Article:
Asphalt’s earliest historical applications date back to the era of Mohenjo-Daro, one of the major urban settlements of the Indus Valley Civilization, which thrived around 2600 BCE, where it was used as a mortar in construction. Composed of complex hydrocarbons and minor elements, it was used in building durable and water-resistant structures.

Fact 2: Crude oil revolutionized asphalt

The transformation of asphalt from its naturally occurring state to the refined petroleum product we utilize today is a story of innovation and adaptation. In its natural form, asphalt—also known as bitumen—was a sticky, semi-solid substance that seeped up through the earth’s crust, primarily in areas where oil deposits were close to the surface. Civilizations like the ancient Sumerians used this natural bitumen for waterproofing and as an adhesive; its most notable application perhaps was in the construction of the Babylonian walls.

However, as society’s needs grew more complex, the demand for a more versatile and consistently performing material led to the birth of modern asphalt paving. The Industrial Revolution paved the way for technological advancements that enabled the distillation of crude oil, producing asphalt with controlled properties and reliable performance. This marked the transition from the use of naturally found bitumen to the petroleum-based asphalt that is used extensively in today’s paving industry.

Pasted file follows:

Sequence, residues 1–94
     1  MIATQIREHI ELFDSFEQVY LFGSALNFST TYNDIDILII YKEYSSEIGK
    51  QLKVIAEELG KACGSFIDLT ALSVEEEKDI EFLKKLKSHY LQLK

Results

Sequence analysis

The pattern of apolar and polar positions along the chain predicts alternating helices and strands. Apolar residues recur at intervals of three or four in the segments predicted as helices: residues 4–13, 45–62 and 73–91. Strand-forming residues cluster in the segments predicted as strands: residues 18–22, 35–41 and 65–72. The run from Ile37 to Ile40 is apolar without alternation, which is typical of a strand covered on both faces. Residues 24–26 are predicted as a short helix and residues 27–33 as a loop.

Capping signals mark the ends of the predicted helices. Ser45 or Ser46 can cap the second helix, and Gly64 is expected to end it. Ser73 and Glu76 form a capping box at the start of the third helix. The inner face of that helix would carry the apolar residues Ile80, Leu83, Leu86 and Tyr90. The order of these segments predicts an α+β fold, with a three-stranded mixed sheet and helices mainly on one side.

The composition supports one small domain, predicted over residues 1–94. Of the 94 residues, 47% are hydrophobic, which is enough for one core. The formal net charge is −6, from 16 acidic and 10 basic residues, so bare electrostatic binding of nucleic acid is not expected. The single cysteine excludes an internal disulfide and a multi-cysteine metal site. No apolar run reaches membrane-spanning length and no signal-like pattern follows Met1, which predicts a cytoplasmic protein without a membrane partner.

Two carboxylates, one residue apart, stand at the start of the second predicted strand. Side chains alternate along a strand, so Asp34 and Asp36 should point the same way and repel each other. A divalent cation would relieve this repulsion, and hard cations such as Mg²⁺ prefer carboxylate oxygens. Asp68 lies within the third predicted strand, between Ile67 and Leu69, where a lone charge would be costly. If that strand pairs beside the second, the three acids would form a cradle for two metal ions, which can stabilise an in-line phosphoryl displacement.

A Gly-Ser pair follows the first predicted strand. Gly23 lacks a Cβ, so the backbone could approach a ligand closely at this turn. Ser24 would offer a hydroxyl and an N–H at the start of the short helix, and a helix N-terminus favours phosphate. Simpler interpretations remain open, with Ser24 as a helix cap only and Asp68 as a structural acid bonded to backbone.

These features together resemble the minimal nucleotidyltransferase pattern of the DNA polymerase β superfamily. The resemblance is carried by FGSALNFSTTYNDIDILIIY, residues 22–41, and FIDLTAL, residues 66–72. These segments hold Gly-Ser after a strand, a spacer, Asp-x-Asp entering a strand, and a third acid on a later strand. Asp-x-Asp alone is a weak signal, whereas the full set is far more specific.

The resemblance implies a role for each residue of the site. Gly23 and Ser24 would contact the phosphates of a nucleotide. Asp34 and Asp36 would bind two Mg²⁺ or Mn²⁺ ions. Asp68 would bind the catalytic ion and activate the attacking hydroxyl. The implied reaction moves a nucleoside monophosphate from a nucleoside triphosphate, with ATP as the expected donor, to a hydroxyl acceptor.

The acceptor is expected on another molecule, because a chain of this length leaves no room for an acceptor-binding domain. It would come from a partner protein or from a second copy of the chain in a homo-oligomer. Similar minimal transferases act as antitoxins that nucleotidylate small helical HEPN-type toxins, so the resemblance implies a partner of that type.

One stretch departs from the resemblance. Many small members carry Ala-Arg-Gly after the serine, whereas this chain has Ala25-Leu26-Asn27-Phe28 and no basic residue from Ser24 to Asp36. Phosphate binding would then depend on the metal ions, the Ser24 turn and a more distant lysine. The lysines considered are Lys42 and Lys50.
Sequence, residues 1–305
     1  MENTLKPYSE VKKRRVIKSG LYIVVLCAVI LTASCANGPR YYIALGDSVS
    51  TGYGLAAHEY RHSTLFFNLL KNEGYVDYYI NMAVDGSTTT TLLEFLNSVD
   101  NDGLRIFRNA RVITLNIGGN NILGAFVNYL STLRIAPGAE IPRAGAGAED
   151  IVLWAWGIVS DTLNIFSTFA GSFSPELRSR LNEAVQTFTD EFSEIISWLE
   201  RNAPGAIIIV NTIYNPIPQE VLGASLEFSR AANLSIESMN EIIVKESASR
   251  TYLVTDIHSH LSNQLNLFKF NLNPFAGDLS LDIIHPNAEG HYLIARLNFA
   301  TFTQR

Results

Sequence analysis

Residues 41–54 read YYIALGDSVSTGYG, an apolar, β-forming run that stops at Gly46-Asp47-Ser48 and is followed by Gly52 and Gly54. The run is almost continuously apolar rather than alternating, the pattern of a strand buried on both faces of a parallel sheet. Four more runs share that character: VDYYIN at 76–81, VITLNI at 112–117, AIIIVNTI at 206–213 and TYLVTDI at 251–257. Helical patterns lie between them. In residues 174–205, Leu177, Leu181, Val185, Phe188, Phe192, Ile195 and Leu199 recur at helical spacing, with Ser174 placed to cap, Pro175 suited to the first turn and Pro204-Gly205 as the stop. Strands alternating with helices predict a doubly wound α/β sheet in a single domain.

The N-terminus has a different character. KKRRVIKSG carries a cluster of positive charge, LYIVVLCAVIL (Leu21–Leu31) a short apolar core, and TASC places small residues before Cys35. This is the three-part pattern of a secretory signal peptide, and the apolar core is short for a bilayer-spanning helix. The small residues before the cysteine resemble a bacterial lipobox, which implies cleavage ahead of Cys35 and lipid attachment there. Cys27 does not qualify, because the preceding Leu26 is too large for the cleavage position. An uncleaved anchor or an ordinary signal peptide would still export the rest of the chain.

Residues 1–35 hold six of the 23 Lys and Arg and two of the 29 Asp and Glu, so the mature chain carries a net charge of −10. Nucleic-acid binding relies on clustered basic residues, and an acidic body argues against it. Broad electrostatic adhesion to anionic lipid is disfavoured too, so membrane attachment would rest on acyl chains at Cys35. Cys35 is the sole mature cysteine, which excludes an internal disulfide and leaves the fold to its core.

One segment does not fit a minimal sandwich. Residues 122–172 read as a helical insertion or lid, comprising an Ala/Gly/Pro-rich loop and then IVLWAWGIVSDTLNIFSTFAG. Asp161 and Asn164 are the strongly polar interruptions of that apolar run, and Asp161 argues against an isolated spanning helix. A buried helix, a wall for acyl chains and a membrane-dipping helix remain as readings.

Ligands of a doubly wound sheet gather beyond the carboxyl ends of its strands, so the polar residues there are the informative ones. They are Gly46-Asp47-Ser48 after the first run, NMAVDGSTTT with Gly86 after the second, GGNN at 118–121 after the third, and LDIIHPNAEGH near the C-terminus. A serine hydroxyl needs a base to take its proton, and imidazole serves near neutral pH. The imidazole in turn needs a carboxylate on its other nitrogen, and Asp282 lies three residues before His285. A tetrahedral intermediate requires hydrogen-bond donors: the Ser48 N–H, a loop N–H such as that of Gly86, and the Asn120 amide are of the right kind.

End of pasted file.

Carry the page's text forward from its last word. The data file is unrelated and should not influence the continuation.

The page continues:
Modern asphalt offers a remarkable range of consistencies and is engineered for specific conditions and purposes. It’s designed to withstand heavy traffic, extreme weather, and a variety of environmental conditions, making it an ideal material for the commercial infrastructure of burgeoning metropolises like Houston. Asphalt’s ability to be recycled further reflects the material’s adaptability to modern sustainability standards—old asphalt can be milled and reused, reducing the need for new materials and the environmental impact of road construction.